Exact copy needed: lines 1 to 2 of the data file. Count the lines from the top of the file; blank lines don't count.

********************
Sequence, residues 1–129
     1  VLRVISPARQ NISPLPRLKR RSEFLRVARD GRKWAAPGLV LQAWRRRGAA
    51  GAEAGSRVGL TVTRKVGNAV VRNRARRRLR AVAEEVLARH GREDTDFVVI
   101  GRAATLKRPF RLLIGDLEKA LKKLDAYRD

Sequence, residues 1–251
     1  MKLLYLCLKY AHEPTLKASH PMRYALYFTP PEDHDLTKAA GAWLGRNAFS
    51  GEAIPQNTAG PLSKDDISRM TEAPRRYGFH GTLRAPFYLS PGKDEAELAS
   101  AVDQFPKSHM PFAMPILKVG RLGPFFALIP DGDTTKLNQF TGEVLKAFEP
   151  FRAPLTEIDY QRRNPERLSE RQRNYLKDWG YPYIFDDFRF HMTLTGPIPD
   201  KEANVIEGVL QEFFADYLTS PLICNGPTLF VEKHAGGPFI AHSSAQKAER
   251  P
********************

Sequence, residues 1–129
     1  VLRVISPARQ NISPLPRLKR RSEFLRVARD GRKWAAPGLV LQAWRRRGAA